Shot in autumn 2009, The Beaver was shelved when the monster from the Gibson id erupted last summer with revelations that he was verbally and physically abusing his girlfriend, and it has returned as something like a celluloid explanation. (Gibson pleaded no contest to a battering charge a week before the movie had its world premiere at SXSW.) Thanks to this lurid prequel, The Beaver manages to be both exploitative and humanizing; thanks to Gibson’s convincing conviction, it goes surprisingly deep into madness before resolving itself in a nimbus of New Age platitudes.

Foster might have treated the material as an E.T.A. Hoffmann tale of demonic possession or a believe-it-or-not Oliver Sacks case history, with the puppet functioning as Walter’s transitional object. Instead, she takes it at face value. Is The Beaver an allegory on acting? Directing? It’s tempting to imagine Foster herself talking through the increasingly nasty puppet; the movies this former child-star has directed or produced have been notably interested in unique prodigies with unusual ways of communicating.

In Little Man Tate, Foster directed herself as the mother of an immaculately conceived kid genius; in Nell, Foster herself was the genius, a backwoods wild child with an invented language. She takes the maternal role in The Beaver—allowing Gibson the fun of babbling on like a hyperactive eight-year-old—but she clearly identifies, having cited her own struggle with depression in flacking the movie. Perhaps that’s the problem. Mel’s character isn’t on Prozac, but the movie is—a succession of bland camera setups, cued to a highly conventional score. Would that the direction were half as nutty as the script or as wacked-out as its star!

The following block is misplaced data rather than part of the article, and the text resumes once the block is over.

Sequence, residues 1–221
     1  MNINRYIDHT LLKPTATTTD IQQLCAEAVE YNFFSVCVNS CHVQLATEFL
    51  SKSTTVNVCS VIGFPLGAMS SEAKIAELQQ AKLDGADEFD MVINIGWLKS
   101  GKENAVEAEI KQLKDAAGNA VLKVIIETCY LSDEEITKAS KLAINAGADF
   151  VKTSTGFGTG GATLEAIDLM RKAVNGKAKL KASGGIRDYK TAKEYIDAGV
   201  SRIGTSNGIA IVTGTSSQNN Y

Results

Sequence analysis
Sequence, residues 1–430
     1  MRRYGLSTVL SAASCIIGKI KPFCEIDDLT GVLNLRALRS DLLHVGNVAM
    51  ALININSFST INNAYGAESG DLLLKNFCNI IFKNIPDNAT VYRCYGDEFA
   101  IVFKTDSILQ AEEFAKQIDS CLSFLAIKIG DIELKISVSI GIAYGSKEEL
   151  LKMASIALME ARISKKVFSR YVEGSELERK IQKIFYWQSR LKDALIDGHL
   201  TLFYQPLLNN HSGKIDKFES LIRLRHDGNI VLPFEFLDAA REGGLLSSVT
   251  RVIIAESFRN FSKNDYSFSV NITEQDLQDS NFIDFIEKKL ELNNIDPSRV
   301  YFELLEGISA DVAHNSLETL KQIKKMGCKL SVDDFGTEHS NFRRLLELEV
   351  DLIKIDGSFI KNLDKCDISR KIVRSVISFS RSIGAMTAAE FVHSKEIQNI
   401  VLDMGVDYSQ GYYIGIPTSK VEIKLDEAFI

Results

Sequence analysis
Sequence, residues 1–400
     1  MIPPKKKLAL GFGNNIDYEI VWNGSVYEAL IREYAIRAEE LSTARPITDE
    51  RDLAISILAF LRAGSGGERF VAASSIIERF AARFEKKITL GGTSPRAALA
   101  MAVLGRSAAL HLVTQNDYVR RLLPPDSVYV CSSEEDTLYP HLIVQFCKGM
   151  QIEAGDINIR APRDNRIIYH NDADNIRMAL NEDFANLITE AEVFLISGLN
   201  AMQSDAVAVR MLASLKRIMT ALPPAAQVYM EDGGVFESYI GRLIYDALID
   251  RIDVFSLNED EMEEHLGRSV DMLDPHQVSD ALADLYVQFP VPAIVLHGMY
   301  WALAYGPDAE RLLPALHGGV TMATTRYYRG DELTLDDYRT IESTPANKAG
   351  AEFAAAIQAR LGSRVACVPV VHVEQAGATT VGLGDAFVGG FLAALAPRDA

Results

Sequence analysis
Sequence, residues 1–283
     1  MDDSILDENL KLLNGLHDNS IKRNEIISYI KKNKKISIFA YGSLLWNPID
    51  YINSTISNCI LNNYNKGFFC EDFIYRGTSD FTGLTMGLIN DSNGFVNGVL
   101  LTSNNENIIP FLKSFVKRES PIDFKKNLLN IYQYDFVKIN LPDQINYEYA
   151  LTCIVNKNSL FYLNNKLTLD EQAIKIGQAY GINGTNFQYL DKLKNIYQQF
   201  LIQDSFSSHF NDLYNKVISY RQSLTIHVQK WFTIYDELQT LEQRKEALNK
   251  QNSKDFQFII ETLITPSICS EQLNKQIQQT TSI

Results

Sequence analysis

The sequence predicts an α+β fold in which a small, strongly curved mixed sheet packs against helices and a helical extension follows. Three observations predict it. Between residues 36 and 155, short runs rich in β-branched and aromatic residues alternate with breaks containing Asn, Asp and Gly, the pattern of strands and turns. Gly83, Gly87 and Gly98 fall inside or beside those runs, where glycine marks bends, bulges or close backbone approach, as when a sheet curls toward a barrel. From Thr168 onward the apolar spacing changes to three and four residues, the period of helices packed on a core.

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Brooklyn Bridges
Brooklyn Bridges

I absolutely loved this movie and I would recommend this movie to anyone because it’s just that good. I’ve loved Mel Gibson for a while now and although he’s done and said some pretty bad things, that doesn’t take away the fact that he’s an amazing actor. I’d recommend this movie to anyone and I just found out that it’s available at Blockbuster and there’s a new promotion for new DISH Network customers that allows them to use the Blockbuster by Mail offer to try out the service free for 3 months and it’s not limited to movies or TV shows and games are included. Customers can do five in-store exchanges per month so they won’t have to wait for the next one to get shipped out and there are no due dates or late fees. DISH will also get new releases before Redbox or Netflix and can access the blu-ray copies for no additional price. There are a lot of other reasons to switch to DISH Network and they include the TV Everywhere feature that utilizes Sling Technology so customers can watch live or pre-recorded shows on their mobile device without being at home. DISH has award winning DVR technology so customers will get the best equipment on the market and now that I work at DISH, I’m always recommending that people check it out at!


He is not manic-depressive. Just depressed. They are not the same illness.


Everyone is so perfect here right? Review the film and pass on the self-righteousness


This movie sounds as UNINTENIONALLY STUPID as the fake tv pilot 'seinfeld" episode in which the court orders somebody to be his butler.

and the script was a "highly regarded property"????????????????????


That Seinfeld episode where the court ordered the defendant to be Jerry's butler was pretty funny....


Well your a genius to make assumptions about that which you know nothing!